4. After they finish reading, hold a discussion using the For Discussion and Writing questions:

  • What is the difference between the words about “establishment” and the words about “free exercise” in the First Amendment? Why do you think it is necessary to have both?

    The words about “establishment” mean that the government cannot create an official religion. The words about “free exercise” mean that the government cannot interfere with each of our religious beliefs. It is necessary to have both to protect individual rights of citizens from intrusions by the government.

  • What are some of the reasons for religious diversity in California?

    Diverse migrations of people have come to California from Asia, Latin America, Europe, and elsewhere in the United States. People established cultural communities that expressed religious beliefs and practices.

  • Do you think these legal cases described in the reading deal with free exercise or with establishment? Why?
    • Gabrielli v. Knickerbocker.
      Accept reasoned responses. Gabrielli claimed her right to free exercise was infringed.
    • Lyng v. Northwest Indian Cemetery.
      Accept reasoned responses. The Native Americans claimed their right to free exercise was infringed.

5. Tell the students:

Now that we have looked at different examples of religious diversity and conflict, we are going to take a look at one conflict that happened at a school.

B. Activity: Deliberation: Should Knives Ever Be Allowed at School?

1. IMPORTANT NOTE BEFORE BEGINNING: In this deliberation activity, students will learn a little about Sikhism and about kirpans. The kirpan is a bladed instrument and a sacred symbol in the Sikh faith. A Sikh student may be sensitive to having the kirpan referred to as a “knife” or a “weapon.” It may be necessary in your class to remind students beforehand that in this deliberation the kirpan is only referred to as a “knife” because that is what the principal thought it was. No offense is intended. (See Mayled, John. Sikhism. Oxford: Heinemann Educational Publishers, 2002. Print.)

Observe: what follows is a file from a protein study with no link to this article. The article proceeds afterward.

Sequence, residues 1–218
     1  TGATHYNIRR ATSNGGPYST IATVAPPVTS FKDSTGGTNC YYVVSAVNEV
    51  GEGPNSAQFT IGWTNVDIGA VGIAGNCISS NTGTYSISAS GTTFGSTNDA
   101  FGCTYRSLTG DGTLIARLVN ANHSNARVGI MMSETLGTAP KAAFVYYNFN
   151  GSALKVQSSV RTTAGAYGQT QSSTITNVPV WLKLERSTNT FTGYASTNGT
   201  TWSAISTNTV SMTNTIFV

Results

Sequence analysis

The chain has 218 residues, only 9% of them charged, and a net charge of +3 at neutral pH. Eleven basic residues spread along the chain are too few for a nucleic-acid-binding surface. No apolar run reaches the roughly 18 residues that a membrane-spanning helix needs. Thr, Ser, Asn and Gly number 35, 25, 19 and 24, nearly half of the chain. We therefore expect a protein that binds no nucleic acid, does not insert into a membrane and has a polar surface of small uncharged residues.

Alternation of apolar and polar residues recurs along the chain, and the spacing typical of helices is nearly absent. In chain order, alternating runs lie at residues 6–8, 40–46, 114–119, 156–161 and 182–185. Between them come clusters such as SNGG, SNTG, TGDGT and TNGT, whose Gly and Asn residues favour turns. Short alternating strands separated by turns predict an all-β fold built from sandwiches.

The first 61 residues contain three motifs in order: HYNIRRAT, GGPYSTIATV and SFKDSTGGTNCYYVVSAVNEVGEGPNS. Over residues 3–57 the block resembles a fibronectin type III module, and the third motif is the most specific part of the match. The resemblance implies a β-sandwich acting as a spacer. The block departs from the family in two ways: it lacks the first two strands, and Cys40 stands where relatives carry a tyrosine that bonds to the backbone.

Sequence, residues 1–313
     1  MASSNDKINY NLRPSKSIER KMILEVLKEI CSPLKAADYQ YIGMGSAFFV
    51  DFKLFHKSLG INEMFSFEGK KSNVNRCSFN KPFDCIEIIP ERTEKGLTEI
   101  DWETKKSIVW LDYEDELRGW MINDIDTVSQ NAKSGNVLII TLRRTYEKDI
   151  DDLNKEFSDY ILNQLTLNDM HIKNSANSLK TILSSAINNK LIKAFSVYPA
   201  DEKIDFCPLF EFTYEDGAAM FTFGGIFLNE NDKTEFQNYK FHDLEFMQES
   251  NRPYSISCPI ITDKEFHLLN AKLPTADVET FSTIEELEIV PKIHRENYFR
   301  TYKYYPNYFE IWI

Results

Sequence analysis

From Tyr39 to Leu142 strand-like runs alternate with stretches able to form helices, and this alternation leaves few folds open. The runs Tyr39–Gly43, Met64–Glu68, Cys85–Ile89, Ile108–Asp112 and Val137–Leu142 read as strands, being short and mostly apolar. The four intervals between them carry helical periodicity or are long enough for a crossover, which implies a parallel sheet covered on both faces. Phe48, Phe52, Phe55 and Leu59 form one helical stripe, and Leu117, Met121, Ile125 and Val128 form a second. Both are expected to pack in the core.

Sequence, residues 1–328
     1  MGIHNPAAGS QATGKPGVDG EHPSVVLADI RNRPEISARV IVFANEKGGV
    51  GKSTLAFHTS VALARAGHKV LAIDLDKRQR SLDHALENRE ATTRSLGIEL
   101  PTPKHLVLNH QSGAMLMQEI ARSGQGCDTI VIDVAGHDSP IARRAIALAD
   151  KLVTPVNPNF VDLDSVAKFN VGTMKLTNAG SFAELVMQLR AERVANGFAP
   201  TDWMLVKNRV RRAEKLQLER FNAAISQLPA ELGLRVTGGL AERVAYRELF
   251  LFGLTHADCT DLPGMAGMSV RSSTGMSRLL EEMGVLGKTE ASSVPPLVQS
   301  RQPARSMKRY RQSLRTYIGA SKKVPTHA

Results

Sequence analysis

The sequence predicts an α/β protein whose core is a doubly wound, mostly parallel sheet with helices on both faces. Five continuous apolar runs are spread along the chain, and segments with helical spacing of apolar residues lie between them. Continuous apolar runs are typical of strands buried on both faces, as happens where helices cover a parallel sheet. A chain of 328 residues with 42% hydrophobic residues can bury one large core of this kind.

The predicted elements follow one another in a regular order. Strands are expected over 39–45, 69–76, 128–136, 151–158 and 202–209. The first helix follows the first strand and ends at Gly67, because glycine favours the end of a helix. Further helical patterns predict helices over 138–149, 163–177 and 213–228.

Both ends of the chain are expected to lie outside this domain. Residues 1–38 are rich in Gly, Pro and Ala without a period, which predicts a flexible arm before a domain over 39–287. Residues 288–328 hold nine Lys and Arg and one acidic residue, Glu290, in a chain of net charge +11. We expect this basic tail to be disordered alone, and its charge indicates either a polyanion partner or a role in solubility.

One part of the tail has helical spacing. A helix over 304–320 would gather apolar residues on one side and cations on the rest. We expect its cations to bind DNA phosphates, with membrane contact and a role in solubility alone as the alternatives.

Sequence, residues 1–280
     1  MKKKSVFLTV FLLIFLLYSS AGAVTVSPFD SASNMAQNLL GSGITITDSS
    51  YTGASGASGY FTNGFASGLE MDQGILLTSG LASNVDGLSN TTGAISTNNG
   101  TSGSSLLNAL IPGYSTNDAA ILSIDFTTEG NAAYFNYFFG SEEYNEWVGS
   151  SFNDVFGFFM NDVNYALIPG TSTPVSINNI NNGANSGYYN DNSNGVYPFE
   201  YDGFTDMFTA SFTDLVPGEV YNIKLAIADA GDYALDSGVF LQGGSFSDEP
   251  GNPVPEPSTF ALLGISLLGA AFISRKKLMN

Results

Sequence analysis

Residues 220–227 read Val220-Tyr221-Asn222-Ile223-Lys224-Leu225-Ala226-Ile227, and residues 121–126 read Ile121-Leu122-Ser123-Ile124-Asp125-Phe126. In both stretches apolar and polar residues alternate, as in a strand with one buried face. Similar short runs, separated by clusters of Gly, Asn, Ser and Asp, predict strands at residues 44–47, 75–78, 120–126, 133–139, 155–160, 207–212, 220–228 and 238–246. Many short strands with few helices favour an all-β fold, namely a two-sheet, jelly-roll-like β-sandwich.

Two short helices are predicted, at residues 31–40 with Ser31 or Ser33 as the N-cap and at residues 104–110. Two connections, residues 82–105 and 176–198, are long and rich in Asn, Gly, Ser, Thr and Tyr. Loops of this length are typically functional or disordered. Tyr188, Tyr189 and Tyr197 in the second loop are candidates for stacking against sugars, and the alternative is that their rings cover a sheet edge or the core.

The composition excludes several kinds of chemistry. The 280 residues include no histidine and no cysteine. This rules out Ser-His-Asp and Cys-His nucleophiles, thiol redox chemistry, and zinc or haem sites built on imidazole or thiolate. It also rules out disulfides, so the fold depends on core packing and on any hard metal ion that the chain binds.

2. Remind students of their Focus Discussion. Ask: What is a discussion?

Look for: A discussion is when a group of people talk and share ideas.

Write the term deliberation on the board. Explain that today students will do a special kind of discussion called deliberation. Explain that a deliberation is a discussion that leads students to make a decision in answering a yes-or-no question. It is not a debate with winners or losers. It is a way for everyone to understand different sides to an issue.

3. Organize the students into groups of four, with each group divided into two pairs.

Deliberation Steps

  1. Learn about the topic.
  2. Form “Yes” and “No” groups.
  3. Share and listen.
  4. Switch.
  5. What do you think?

4. It will be helpful to have the following steps written on a poster or projected large enough for the whole class to see throughout the activity. NOTE: The steps here are a simplified version of “Deliberation Procedures” available at Deliberating in a Democracy in the Americas (

5. Review the steps before starting the deliberation.

1) Learn about the topic.
Students should read the text carefully and underline interesting facts or ideas.

2) Form “Yes” and “No” groups.
Working with a partner, students should discuss the reading and make sure they understand it. Together, each pair will list the reasons to answer the Question for Deliberation either “yes” or “no,” depending on how they were assigned. They will put a check next to their best (most compelling) reasons.

3) Share and listen.